By John Jackson
This article provided by Oregon Transformation Newsletter.
I am not sure if Mayor Wheeler is sleeping while his apartment is burning. I ask myself as I look around the disaster of a city that used to be Portland: Is the mayor leading under the influence of political correctness? Has he been to Chinatown lately? Looked under the overpasses? Talked to city planners, PBOT or the permit offices? Visited local businesses?
Over the past few years (probably longer) small businesses have suffered a tremendous blow. The wheels are falling off the bus while it barrels toward the Willamette. I am talking about pre-COVID and pre-Black Lives Matter. COVID-19 exposed and illuminated some of the cracks in the city’s policies as it concerns small businesses. As a minority-owned business operator in Portland, I find it extremely painful and punitive to conduct business in the city.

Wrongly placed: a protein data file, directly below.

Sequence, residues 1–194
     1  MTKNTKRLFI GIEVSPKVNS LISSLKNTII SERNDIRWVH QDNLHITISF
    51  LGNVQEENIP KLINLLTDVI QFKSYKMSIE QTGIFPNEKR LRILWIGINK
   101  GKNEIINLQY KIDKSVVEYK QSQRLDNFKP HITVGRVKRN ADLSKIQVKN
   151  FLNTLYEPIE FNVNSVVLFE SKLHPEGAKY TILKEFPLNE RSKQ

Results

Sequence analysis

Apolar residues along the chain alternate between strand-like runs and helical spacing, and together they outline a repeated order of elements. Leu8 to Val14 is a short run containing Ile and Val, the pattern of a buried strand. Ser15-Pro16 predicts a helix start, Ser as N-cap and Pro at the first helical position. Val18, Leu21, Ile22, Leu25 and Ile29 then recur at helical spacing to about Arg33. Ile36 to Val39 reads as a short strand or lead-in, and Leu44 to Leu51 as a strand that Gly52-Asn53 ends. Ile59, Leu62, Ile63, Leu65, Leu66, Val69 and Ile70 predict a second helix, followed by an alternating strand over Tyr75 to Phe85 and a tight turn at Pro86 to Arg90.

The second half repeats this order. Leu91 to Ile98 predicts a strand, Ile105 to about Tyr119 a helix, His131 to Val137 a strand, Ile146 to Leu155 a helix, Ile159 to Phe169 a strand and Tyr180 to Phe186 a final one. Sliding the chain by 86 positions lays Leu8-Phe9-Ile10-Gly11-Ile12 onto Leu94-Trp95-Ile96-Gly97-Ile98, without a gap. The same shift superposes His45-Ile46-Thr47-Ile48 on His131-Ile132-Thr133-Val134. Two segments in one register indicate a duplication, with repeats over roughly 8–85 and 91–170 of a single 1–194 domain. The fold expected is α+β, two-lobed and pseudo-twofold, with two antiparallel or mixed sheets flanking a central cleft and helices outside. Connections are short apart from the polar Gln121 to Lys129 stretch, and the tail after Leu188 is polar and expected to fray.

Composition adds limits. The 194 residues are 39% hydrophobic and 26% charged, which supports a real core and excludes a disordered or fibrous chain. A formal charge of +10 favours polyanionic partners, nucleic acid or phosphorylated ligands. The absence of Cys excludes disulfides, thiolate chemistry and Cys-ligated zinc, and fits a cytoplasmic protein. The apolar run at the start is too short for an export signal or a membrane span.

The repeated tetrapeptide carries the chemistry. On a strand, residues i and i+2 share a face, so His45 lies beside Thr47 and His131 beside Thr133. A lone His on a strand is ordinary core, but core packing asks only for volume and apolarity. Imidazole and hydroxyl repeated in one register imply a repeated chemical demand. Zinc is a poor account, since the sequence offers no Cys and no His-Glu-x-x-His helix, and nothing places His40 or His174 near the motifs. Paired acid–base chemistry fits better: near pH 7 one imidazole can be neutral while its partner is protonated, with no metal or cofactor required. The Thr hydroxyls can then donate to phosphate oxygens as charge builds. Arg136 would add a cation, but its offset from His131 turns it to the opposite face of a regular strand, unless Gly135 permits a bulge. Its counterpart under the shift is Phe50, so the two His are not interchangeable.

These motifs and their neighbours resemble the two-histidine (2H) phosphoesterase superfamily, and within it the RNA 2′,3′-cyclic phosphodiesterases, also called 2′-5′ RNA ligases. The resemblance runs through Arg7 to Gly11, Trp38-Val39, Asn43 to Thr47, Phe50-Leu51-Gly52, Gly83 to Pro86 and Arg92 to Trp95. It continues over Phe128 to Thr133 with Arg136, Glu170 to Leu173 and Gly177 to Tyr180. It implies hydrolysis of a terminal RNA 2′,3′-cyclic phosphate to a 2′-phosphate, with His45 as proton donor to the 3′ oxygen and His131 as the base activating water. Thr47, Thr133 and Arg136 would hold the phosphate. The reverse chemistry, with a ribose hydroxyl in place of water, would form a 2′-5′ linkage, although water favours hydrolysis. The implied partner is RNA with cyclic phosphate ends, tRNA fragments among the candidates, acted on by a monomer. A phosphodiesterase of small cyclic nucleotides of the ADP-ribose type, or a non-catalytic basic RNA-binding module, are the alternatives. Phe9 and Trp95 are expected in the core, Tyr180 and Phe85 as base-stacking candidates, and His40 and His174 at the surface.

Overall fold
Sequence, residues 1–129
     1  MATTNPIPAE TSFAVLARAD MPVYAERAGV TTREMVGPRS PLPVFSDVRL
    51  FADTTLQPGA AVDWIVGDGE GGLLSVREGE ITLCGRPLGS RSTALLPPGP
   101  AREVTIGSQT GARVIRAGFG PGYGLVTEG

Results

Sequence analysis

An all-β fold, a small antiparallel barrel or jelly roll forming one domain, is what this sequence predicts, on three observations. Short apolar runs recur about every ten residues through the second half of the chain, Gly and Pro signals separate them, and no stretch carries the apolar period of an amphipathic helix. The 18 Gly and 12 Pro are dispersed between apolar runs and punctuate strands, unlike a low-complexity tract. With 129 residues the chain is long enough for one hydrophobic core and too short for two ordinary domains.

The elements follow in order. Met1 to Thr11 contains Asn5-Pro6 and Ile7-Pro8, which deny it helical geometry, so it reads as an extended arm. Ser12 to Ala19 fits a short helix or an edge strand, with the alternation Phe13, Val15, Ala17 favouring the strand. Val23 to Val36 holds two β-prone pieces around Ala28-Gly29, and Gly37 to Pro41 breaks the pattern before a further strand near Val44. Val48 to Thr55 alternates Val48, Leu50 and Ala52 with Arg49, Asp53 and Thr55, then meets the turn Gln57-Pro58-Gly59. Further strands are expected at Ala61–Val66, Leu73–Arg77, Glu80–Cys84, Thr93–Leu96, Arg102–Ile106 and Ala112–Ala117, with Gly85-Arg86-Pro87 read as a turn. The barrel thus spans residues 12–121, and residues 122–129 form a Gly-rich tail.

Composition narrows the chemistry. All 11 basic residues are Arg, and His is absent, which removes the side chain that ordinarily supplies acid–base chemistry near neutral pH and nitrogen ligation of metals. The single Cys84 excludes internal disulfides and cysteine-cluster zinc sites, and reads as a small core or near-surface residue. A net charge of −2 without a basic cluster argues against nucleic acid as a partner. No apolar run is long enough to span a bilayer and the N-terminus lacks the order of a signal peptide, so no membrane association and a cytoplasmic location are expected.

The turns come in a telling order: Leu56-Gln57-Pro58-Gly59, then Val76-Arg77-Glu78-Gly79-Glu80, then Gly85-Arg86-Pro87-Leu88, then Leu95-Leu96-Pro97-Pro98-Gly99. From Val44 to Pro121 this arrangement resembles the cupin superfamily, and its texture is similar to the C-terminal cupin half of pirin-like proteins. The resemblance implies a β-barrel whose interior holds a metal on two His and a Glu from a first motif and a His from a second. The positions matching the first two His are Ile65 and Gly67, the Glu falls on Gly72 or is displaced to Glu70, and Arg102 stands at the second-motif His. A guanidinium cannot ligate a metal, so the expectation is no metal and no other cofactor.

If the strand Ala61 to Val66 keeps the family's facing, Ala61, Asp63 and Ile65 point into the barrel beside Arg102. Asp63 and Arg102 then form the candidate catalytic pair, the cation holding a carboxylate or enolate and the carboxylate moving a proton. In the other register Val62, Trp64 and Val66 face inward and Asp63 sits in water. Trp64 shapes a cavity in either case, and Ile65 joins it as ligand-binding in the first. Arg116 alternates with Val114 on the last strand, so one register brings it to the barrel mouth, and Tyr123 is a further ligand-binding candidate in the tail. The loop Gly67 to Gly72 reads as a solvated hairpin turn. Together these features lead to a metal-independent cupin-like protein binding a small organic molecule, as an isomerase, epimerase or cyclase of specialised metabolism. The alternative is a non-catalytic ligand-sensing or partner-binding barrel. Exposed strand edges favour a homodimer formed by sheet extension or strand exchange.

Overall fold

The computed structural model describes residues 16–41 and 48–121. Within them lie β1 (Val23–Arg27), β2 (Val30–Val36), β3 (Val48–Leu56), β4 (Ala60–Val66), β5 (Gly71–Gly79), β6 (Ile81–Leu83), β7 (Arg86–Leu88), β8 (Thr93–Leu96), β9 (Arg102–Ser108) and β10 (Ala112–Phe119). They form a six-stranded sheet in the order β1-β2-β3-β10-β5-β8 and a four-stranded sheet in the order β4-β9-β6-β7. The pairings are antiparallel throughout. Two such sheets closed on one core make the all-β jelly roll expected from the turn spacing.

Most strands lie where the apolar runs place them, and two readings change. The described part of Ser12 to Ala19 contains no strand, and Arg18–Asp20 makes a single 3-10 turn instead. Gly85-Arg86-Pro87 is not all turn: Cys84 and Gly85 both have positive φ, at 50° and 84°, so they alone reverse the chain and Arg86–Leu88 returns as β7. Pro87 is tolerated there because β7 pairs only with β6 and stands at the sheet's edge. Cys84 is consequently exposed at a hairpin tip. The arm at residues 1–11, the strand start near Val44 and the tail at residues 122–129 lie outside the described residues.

I would say that some of the coolness and appeal of life in Portland are the beautiful vistas, liberating environment for expression, and awesome dining and entertainment opportunities. These are some of the reasons people are moving to Portland. However, Portland is quickly becoming one of the most expensive cities to live. Currently, housing is indexing at 180% of the national average. As a business owner, I wonder if we are getting our money’s worth from the leadership of the city. I believe the tide is turning and popular opinion is waning. There may be an exodus coming unless positive change happens first. My story is simple and may be one of many just like it.